Decision-Making and Market Orientation in the Internationalization Process of Small and Medium-Sized Enterprises

Article excerpt

Abstract

* Mental maps are used to represent the risk-perceptions and foreign market orientations of decision-makers within a sample of dynamic small firms in the UK. Quantitative and qualitative analyses help identify factors that influence top managers' perceptions of their spatial environment and link these to the resulting patterns of internationalisation.

Key Results

* International experience and network relationships are found to strongly influence managerial cognition and thereby internationalization decision-making. The learning process appears to be unstructured and opportunistic.

Introduction

Small and medium enterprises (SME's), with 500 or fewer employees, are some of the fastest growing companies in the World and for these companies the development of international operations often accounts for much of this growth. UK SMEs have become a more important component of the UK economy in the past two decades and expansion into international markets has been a central feature of their growth (Storey 1998).

Internationalization for SMEs can be expensive, time consuming and a significant drain on scarce resources. Decision-making processes related to choice of market, timing and mode of entry are therefore important to understand from both a research and managerial perspective (Coviello/Martin 1999).

Current research on internationalization is mainly based on the experiences of large multinational firms and tends to view it as an incremental, multi-stage process. Economic and resource-based theories tend to dominate and the applicability of this research to SMEs is questioned (Burgel et al. 2000, Bell 1995, Rao/Naidu 1992, Reid 1981). This paper reports on a study investigating the internationalization decision-making processes of dynamic SME's in the UK, the influences that impact these decisions, and how the mental maps of executive decision-makers impact the patterns and processes of international expansion of these firms.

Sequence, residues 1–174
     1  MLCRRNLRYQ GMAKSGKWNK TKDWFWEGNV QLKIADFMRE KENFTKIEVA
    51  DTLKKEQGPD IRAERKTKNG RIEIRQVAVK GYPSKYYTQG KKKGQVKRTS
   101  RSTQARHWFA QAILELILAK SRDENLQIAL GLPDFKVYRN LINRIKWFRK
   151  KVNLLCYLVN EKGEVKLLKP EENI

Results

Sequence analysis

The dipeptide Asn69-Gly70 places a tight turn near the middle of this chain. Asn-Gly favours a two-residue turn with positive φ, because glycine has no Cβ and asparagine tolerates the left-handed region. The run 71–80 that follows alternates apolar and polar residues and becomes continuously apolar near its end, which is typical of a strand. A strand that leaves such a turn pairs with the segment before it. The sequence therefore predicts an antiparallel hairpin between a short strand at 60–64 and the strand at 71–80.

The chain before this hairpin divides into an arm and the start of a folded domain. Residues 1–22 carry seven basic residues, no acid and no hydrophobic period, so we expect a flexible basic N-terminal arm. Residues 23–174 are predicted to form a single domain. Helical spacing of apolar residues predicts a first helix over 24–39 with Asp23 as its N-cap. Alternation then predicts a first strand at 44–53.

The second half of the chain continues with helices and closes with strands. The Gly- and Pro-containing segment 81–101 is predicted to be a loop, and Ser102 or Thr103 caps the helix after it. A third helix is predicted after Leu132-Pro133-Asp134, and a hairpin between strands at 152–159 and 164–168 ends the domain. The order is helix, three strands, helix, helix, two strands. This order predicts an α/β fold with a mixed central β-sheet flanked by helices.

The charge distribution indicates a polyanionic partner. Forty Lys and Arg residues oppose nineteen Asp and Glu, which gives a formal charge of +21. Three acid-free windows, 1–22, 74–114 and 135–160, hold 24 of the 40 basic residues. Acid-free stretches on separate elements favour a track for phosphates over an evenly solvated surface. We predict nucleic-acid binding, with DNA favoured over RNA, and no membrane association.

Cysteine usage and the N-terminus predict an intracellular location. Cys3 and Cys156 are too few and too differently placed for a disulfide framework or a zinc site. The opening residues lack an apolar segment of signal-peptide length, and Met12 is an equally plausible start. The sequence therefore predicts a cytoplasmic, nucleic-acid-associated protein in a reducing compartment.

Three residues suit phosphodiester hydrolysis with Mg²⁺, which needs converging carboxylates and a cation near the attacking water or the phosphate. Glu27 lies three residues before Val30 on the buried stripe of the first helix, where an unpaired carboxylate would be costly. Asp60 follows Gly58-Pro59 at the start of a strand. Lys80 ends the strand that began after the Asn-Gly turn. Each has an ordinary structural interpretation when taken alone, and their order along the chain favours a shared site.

We aim to contribute to the growing body of empirical work on small firm internationalization, which lags behind the research on large multinationals. We also make the case for further consideration of the individual decision-maker and factors that influence key decision-makers who drive the strategic direction of such firms. Individual and group perceptions of country opportunities and risks are seen to have a significant impact on the market orientation of the overall SME. This means going deeper into the organisation to incorporate the influences on and attitudes of such decision-makers in our current understanding of aggregate patterns of change and international expansion.

Finally we also seek to make a methodological contribution via the use of mental maps as a technique measuring decision-makers perceptions of internationalization opportunities and helping explain patterns of internationalization.

The first part of this paper will review the current thinking on the process of internationalization and decision making processes that underlie international expansion strategies. We then present an analytical framework adapted from the work of McGaugbey, Welch, and Welch (1997) and Reid (1981) and outline the empirical methodology used in our study of dynamic UK SMEs, including the construction of mental maps. Quantitative data from questionnaires returned by 30 firms and qualitative data from interview-based case studies of 8 of these firms, all from a published survey of the 100 fastest-growing unquoted small firms in the UK in 1999 and 2000, is then presented and discussed.

The internationalization process

Beamish (1990, p. 77) usefully defines internationalization as:

"The process by which firms both increase their awareness of the direct and indirect influences of international transactions on their future, and establish and conduct transactions with other countries. …